A new study has demonstrated a drastic increase in the risk of type 2 diabetes — to the tune of 46 percent — in those taking statins to control high cholesterol levels, according to an article on Diabetes In Control.
The study, performed by researchers at the Institute of Clinical Medicine at the University of Eastern Finland and Kuopio University Hospital in Finland, and first published in medical journal Diabetologia, found that while previous studies had indicated a potential increased risk of type 2 diabetes from some statins, those studies were limited and failed to determine the full extent of the problem. As Medical News Today notes, previous studies included selective populations and participants whose type 2 diabetes is self-reported, leading to results that either may not apply to the general population or were simply incorrect.
The latest study, a six year follow-up on the Metabolic Syndrome in Men study performed from 2005-2010, follows up on almost 9,000 men without type 2 diabetes, aged 45-73, and accounts for confounding factors such as smoking, body mass index, alcohol intake, activity levels, and more. In the years following the study, 625 of the participants were diagnosed with type 2 diabetes, as determined by an HbA1c test (designed to determine average blood sugar levels over the past three months), an oral glucose tolerance test, or prescription of antidiabetic medication.
The results after accounting for all possible factors were that the 46 percent increased risk of type 2 diabetes held up — statin treatments were almost certainly the culprit.
The study also tested insulin resistance and insulin secretion in men who had been treated with statins and found that the anti-cholesterol drugs led to a 24 percent reduction in insulin sensitivity, and a 12 percent reduction in insulin secretion, both strong factors in successfully managing type 2 diabetes.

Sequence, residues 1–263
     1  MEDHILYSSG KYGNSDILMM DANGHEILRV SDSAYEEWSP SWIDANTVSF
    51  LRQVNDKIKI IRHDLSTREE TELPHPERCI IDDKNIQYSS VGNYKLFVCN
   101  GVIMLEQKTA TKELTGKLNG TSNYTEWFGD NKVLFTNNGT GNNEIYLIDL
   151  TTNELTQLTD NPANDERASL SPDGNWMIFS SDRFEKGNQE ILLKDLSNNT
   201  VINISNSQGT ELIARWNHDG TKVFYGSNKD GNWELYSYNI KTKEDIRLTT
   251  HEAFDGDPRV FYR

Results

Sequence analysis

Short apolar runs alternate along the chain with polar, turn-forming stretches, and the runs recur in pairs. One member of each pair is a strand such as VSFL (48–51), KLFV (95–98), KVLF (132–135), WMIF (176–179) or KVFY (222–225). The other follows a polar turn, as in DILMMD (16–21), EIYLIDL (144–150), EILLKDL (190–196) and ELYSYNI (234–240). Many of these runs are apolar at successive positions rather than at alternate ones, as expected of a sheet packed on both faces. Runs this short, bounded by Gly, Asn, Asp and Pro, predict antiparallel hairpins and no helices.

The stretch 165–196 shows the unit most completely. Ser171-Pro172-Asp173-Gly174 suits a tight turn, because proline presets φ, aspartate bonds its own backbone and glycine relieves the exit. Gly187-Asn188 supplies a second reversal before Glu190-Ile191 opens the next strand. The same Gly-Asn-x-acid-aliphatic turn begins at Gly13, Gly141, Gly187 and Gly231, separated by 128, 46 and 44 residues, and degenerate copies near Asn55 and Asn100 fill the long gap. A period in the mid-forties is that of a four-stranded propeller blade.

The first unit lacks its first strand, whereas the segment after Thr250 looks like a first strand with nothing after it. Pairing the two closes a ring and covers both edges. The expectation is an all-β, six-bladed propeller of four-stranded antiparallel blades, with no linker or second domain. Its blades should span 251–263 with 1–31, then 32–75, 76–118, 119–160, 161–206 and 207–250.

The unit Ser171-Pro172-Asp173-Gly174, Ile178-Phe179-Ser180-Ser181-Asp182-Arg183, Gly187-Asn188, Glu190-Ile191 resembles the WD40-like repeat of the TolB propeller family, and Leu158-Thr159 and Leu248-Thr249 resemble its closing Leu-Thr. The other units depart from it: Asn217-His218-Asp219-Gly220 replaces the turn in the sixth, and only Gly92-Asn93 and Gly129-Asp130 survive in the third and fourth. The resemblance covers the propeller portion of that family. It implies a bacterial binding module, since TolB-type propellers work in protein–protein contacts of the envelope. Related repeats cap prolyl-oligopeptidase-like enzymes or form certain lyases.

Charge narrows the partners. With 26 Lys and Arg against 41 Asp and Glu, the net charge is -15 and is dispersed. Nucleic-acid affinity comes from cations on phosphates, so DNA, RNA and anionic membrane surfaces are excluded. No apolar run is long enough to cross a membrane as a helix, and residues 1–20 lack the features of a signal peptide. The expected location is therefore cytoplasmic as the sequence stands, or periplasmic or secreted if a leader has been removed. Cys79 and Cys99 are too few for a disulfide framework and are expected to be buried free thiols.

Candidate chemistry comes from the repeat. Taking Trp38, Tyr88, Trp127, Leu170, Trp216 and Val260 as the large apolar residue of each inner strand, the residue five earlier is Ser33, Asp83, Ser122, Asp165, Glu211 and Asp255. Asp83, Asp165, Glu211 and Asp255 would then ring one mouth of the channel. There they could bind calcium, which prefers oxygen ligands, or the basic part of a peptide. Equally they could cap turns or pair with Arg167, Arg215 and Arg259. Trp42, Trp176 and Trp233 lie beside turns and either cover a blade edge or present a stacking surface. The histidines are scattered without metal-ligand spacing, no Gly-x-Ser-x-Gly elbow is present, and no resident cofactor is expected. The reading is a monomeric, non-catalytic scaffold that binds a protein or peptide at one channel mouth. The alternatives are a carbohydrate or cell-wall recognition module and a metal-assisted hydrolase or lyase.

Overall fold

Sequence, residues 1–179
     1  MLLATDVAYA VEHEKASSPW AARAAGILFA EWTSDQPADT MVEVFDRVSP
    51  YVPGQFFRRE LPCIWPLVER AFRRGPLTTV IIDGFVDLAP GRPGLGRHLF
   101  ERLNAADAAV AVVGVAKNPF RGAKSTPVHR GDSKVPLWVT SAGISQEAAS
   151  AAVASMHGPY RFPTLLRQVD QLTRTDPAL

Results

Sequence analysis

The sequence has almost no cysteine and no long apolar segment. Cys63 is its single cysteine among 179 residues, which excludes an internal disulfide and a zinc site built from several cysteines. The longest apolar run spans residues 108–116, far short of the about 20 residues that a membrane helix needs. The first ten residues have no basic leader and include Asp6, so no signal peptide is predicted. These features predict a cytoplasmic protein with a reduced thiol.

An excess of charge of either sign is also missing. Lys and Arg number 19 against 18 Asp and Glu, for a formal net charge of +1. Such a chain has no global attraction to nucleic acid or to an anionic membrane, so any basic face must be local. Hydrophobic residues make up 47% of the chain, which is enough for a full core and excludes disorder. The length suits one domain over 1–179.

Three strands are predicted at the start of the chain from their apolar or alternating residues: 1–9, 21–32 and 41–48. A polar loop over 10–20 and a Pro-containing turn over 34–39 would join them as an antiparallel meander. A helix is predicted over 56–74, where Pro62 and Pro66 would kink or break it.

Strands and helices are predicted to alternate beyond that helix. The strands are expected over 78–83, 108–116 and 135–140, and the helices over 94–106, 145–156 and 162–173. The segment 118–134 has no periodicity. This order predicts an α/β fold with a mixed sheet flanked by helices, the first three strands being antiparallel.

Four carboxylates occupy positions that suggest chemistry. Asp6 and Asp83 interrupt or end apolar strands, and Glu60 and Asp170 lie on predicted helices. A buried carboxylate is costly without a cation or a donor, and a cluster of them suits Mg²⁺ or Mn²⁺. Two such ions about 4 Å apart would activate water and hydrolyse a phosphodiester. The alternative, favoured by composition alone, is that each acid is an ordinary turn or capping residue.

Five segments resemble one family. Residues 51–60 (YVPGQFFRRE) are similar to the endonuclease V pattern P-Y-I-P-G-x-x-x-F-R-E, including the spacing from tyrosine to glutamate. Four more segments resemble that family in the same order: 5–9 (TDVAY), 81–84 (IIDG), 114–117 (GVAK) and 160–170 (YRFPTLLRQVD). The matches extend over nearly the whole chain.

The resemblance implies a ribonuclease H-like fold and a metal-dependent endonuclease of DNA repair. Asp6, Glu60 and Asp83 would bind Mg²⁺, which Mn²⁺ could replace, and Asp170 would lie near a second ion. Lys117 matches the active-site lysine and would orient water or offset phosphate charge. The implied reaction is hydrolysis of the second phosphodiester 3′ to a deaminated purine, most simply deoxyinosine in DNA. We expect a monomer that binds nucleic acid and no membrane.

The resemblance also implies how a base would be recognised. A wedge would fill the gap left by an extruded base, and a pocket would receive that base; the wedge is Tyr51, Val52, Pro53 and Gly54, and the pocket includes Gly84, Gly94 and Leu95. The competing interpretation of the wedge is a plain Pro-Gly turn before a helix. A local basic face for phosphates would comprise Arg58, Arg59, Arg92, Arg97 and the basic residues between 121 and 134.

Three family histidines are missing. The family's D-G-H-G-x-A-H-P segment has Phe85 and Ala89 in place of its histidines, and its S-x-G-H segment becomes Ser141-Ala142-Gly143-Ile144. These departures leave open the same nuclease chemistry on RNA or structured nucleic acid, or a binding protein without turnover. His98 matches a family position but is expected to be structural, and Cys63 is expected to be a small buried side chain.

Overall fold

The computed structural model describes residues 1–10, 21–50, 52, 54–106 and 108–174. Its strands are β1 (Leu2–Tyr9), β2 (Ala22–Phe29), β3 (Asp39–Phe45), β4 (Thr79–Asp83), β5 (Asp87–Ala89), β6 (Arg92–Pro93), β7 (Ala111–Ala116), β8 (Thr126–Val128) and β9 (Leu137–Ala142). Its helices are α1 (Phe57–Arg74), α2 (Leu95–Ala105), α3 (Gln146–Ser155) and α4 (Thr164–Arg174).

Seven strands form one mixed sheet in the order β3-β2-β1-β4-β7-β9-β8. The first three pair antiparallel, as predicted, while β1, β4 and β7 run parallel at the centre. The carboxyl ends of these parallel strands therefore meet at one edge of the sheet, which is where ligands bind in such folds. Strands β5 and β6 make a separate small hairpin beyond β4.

“Statin therapy was associated with a 46% increased risk of type 2 diabetes after adjustment for confounding factors, suggesting a higher risk of diabetes in the general population than previously reported.
The association of statin use with increased risk of developing diabetes is most likely directly related to statins decreasing both insulin sensitivity and secretion.”
Once other factors were accounted for, the researchers found that high-dose simvastatin therapy was linked to a 44 percent higher risk of type 2 diabetes, while low-dose therapy led to a 28 percent increased risk. High-dose atorvastatin was linked to a 37 percent increased risk of type 2 diabetes. It may turn out quite fortunate that, as reported previously in the Inquisitr, researchers have also been exploring new statin-free cholesterol treatments.
The researchers do caution that, while they had many advantages that previous studies did not, all participants were Caucasian males and the results may not apply to women or those of other ethnicities with type 2 diabetes.
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